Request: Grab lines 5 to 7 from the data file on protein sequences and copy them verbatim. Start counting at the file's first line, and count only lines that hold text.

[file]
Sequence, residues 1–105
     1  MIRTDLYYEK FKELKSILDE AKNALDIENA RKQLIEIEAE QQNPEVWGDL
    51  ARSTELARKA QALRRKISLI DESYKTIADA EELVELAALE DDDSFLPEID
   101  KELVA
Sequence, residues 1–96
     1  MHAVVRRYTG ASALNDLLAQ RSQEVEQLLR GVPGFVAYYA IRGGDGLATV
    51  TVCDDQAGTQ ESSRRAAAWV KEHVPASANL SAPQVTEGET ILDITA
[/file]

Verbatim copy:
Sequence, residues 1–96
     1  MHAVVRRYTG ASALNDLLAQ RSQEVEQLLR GVPGFVAYYA IRGGDGLATV
    51  TVCDDQAGTQ ESSRRAAAWV KEHVPASANL SAPQVTEGET ILDITA